Headspace Health’s Ginger provides on-demand mental health support via smartphone with behavioral health coaches, and licensed therapists and psychiatrists
Posted: January 20, 2022
Blue Shield of California announced that its health plan members who are enrolled in the Wellvolution program now have access to Ginger’s on-demand, personalized mental health support that can be accessed on their smartphone.
“Ginger provides a safe space for our members to quickly make appointments, be matched with a coach or therapist, and benefit from the expanded range of mental health resources,” said Bryce Williams, vice president, Mind Body Medicine at Blue Shield of California.
Blue Shield’s Wellvolution platform, built in collaboration with Solera Health, is helping to make behavioral support more readily available. Last fall, the nonprofit health plan announced Headspace, now a Headspace Health brand, on Wellvolution. On the first day Headspace was available, thousands of members signed up to access its mindfulness tools to manage stress, sleep, and focus. With the addition of Ginger, Wellvolution members now have access to Headspace Health’s full spectrum of mental health and wellness self-help and clinical services on one platform, from one smartphone.
Ginger is an on-demand mental health platform that can help individuals manage anxiety, depression, sleep problems, and other mental-health challenges. The service provides eligible Blue Shield members easy access to confidential, text-based mental health coaching and self-guided activities anytime, any day at no additional cost. In addition, members have access to video therapy and psychiatry sessions with Ginger’s highly trained providers.*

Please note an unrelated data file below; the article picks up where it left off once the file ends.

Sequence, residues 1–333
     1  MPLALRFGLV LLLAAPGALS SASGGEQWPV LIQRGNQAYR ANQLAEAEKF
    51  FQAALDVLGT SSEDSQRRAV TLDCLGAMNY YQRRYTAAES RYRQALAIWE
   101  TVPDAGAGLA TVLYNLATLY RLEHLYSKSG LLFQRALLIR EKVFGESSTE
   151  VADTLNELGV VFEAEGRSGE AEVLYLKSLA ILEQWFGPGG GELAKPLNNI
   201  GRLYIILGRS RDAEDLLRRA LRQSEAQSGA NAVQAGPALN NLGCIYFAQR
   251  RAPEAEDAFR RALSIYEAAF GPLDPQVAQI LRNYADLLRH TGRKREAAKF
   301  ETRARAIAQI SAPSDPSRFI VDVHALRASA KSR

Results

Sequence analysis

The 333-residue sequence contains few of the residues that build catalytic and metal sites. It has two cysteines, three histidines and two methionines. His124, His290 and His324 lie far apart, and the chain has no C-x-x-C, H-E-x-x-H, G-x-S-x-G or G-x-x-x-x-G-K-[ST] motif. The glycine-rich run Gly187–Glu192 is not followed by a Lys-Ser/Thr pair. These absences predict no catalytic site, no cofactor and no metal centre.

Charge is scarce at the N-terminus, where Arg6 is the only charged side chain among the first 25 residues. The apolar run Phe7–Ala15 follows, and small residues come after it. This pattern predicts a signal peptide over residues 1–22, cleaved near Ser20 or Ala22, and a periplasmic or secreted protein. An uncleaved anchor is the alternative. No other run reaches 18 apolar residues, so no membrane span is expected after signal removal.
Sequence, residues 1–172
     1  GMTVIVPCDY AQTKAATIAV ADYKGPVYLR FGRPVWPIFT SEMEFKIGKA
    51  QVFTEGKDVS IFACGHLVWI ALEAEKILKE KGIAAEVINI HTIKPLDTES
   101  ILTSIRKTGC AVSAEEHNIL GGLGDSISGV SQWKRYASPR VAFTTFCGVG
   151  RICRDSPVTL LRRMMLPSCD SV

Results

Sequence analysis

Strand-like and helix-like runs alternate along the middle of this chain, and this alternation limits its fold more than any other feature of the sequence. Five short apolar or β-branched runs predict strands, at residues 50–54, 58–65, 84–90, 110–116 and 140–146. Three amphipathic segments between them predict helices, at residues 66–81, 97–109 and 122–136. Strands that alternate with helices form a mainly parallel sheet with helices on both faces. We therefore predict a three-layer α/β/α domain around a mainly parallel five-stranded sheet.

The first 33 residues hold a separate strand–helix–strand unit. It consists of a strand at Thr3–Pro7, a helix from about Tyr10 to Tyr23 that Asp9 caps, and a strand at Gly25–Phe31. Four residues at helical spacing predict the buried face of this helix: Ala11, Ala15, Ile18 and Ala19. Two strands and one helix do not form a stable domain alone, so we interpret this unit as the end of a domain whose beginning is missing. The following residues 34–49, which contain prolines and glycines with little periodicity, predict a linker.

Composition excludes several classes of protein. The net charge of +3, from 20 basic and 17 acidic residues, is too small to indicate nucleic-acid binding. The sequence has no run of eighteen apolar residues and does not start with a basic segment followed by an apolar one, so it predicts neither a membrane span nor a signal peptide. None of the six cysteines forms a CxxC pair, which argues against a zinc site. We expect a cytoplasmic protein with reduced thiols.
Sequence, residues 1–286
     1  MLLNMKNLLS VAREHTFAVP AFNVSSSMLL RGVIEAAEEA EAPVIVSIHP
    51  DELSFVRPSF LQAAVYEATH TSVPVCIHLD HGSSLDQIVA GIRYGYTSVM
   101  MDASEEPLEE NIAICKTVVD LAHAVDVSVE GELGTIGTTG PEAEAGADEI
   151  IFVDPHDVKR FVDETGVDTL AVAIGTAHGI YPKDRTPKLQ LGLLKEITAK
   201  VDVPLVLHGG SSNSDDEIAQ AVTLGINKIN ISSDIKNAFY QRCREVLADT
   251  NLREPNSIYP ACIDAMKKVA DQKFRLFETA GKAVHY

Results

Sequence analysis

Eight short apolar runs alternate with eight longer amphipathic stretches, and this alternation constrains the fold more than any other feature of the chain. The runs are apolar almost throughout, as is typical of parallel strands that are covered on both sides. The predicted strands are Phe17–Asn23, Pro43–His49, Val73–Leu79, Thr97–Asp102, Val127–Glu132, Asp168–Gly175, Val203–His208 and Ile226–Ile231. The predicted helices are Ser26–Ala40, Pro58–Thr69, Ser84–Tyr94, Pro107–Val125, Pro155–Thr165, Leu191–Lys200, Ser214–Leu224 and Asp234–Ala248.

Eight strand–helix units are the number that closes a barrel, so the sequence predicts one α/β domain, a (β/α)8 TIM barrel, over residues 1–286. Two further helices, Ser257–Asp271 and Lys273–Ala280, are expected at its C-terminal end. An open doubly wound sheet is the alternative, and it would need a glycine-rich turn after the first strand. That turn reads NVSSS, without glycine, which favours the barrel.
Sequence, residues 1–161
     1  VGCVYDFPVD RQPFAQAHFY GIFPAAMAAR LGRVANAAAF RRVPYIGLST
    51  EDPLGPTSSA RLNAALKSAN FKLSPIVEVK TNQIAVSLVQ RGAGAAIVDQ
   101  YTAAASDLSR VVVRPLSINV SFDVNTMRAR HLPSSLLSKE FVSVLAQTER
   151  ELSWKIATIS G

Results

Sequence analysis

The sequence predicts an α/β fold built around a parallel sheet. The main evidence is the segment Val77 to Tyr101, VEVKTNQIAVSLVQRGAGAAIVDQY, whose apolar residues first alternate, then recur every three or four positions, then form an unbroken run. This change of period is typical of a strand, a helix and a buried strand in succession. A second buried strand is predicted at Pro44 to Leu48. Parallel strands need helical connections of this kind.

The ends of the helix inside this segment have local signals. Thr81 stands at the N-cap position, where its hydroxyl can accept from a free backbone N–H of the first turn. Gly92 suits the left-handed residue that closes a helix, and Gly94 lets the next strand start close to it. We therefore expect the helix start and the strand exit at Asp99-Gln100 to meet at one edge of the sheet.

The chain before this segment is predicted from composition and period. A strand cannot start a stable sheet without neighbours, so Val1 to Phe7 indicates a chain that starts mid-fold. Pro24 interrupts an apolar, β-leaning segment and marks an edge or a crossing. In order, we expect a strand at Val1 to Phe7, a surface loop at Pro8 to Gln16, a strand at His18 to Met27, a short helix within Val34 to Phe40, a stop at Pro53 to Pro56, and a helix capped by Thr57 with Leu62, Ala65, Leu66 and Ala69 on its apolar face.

According to a recent study by Mental Health America, more than half of adults with a mental illness do not receive treatment, totaling over 27 million adults in the U.S. who are going untreated.
“There are many reasons for this alarming statistic, including the stigma of mental health problems, access to appropriate care, and a shortage of therapists and psychiatrists in some areas,” Williams said. “Ginger addresses these barriers and gives members easy access to the clinical care they need, right at their fingertips.”
“Mental health is not a linear journey, and thus, members need access to a full continuum of preventative and clinical care services that can meet them where they are, at any moment in time,” said Dana Udall, PhD, chief clinical officer, Headspace Health. “Ginger and the larger Headspace Health platform support members wherever they may be along that mental health and wellbeing spectrum, from thriving, to coping to struggling.”
Wellvolution is Blue Shield’s digital lifestyle medicine and health platform that can be personalized for individual health needs and preferences. Created in collaboration with Solera Health, Wellvolution provides members guided on-demand access to a tailored network of clinically proven apps using lifestyle to prevent, treat, and even reverse disease. It is available to most Blue Shield members with their benefit plan at no additional cost and is an example of how the nonprofit health plan is reimagining health for individuals, families, and communities.
“We are excited to help expand Blue Shield of California’s mental health offering on the Wellvolution platform to cover more parts of the acuity spectrum through our partnership with Headspace Health’s beloved brands,” said Mary Langowski, CEO, Solera Health. “Making mental and behavioral health services and solutions accessible and convenient for consumers is core to our mission and is more important than ever during this critical time of need.”
Last week, Business Intelligence Group awarded Blue Shield’s Wellvolution Program the Big Innovation Award for the health plan’s collaboration with Headspace. This annual business awards program recognizes organizations, products, and people that are bringing new ideas to life in innovative ways. For more information about mental health resources available through Blue Shield’s Wellvolution platform, go to wellvolution.com/mentalhealth.
*Copay or coinsurance may apply based on the member’s benefit plan
About Blue Shield of California